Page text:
Opinion: The New Standard for Modern Surf Contests

Move over Pipe, see you later Chopes. The Volcom Fiji Pro and the Oakley Bali Pro have redefined what world tour spots should be.

Let me explain…

Contemporary surfing has turned Pipeline into a snore-fest. That’s just my opinion, but barrel after barrel after barrel, to me, is boring as hell. While there is some variation in the barrels at Pipe, it is nothing like the variation seen in the Fiji Pro and at Keramas.

Barrels, that were probably as heavy as most Pipe barrels, were seen in Fiji. To accompany this there were huge gouges and the occasional air section, particularly when the event was moved to Restaurants. At Keramas we saw long, heaving, shallow-reef barrels, huge hacks and the biggest ally-oop in contest history. Clearly, Keramas and Restaurants force surfers to think and get creative.

“[Surfers are] trying to figure out what’s being scored [at Keramas] and where there’s room on the wave to think outside the box,” said CJ Hobgood. The wave of Keramas is repetitive and mechanical but the surfing is not. At Pipeline there is far too much thinking inside the box (or thinking inside the tube). Everyone knows the surfers are pretty much only going to get scored for a barrel.

One of the most essential aspects of high performance surfing is the ability of surfers to get creative. That’s why we are all bored to death of the air reverse, as Stab is telling us (http://stabmag.com/fly-me-to-the-moon-the-death-of-the-air-reverse/).

“I think the best kind of airs these days are the ones you don’t have any idea what type of air they’re going to do,” said Dino Andino. Did anyone see JJ Florence’s ally-oop coming? I know I sure did not. When watching Pipe, you pretty well always know what is going to happen next.

But heck, I don’t mean to pick on Pipe so much. There are reasons for it to be on tour. It’s prestigious and it has an amazing history, although it may be a little out-dated in a high-performance modern surf era. It seems wrong that world titles can be won and lost based on barrel riding skills at the final event. Should the event organisers quit while they’re ahead and preserve the event’s history?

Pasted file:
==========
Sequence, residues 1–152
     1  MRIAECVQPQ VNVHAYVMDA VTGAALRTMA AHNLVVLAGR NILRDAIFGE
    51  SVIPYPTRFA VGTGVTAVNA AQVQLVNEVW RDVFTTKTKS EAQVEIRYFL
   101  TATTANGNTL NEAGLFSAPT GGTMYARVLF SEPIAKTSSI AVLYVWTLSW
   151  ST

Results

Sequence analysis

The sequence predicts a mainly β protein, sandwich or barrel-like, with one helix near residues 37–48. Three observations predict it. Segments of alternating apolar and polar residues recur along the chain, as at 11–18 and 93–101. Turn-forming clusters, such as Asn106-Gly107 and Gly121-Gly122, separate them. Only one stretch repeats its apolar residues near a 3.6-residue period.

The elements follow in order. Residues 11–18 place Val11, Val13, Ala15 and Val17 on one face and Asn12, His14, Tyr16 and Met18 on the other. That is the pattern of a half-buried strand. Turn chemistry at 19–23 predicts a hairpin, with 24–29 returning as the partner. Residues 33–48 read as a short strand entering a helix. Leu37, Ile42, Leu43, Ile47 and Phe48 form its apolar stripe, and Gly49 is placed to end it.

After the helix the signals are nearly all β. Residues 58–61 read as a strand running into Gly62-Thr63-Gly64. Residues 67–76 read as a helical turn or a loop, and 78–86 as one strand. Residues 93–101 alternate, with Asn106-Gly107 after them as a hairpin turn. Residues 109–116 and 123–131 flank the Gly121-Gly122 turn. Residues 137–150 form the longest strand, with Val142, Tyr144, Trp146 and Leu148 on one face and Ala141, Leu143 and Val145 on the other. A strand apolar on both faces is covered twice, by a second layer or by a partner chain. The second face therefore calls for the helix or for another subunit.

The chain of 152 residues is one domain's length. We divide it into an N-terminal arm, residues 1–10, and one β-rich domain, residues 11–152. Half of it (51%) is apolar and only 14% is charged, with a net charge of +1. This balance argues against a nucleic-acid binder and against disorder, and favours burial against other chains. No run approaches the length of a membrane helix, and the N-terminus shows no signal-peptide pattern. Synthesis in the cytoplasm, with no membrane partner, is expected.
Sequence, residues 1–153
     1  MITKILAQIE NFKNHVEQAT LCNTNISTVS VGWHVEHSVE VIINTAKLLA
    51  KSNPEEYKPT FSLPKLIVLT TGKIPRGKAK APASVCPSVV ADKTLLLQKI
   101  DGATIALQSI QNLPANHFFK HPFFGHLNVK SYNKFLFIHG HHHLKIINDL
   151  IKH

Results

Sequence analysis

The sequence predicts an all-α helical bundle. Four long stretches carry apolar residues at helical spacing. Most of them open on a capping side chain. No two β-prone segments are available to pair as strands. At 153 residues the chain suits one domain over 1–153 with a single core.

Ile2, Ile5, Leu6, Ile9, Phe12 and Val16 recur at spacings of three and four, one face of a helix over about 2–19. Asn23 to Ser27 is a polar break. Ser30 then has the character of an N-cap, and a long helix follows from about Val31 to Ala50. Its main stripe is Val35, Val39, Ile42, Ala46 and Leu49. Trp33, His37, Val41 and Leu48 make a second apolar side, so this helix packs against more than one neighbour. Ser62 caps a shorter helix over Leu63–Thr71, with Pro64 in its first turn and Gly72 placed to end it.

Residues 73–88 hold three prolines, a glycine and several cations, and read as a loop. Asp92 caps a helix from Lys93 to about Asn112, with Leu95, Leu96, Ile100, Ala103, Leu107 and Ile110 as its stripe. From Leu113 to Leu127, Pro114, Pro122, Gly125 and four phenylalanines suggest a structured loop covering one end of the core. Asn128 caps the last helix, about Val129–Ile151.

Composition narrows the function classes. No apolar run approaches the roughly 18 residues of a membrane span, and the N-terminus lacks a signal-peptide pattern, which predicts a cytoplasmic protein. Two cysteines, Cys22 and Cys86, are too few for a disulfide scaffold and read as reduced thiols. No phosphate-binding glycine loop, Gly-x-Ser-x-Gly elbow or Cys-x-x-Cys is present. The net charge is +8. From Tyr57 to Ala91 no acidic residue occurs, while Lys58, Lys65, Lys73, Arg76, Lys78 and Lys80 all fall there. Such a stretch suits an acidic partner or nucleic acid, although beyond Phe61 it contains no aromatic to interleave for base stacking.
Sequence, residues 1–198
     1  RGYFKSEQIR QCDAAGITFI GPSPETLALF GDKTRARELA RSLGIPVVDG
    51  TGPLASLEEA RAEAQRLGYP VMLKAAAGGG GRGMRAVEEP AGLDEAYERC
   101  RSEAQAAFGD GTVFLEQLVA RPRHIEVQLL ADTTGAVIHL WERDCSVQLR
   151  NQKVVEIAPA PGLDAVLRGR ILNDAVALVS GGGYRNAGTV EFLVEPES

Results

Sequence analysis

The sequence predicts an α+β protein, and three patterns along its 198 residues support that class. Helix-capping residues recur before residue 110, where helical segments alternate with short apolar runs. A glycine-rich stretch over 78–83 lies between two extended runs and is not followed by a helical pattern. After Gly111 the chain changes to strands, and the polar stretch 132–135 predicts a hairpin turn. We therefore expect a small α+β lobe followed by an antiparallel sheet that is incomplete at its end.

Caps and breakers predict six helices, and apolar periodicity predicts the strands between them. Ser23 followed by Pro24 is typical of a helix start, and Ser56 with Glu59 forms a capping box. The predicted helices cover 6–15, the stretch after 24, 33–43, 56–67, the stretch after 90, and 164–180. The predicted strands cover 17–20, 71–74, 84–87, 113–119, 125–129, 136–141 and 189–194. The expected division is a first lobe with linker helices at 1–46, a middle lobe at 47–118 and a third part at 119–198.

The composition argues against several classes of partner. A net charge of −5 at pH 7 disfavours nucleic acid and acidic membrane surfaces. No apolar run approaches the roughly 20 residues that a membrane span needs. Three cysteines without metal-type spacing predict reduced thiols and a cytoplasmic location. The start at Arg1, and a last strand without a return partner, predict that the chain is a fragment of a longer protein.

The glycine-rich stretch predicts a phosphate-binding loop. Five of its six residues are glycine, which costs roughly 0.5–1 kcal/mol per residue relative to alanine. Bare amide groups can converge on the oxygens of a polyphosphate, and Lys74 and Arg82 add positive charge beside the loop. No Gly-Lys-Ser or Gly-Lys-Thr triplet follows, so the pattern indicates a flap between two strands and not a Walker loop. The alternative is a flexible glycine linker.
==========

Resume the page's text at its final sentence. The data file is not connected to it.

Teahupoo, for the same reasons as Pipe, sucks. So many barrels, so little time in the barrel, no option of doing a move after the barrel and way too many 10s. Just thinking about it provokes yawning. The Bali Pro was always going to be a hard act to follow and although Teahupoo was a (mildly) entertaining event, it was no match for Keramas and Restaurants, especially when it went onshore.

The progressive nature of contemporary surfing means that World Tour events need to keep up. There are already several events which are well catered to barrel/air/turn combos, meaning that a drastic overhaul is not needed. Suitable waves include: Snapper, Fiji, Bali, Trestles, France and Portugal. While we all have recommendations for the ASP, they should probably rethink Bells (a bit of an old-timer’s wave), move the Rio event away from a beach that closes out more than low-tide Bondi, ditch Chopes  and maybe Pipe (bring back J-Bay please). While Pipeline and Teahupoo are crazy waves, mechanical barrel riding – apart from being boring to watch – does not test all aspects of a surfer’s repertoire.

Despite this, there are clear economic motivations for the ASP’s structure of the World Tour, particularly in terms of holding an event at Pipe. However, from a pure entertainment point of view, some events could be changed.

Fiji and Bali were about as exciting as World Tour events can be. Unfortunately, for the ASP, these events have also reaffirmed the unnecessary inclusion of the purely barrel focused events on Tour.

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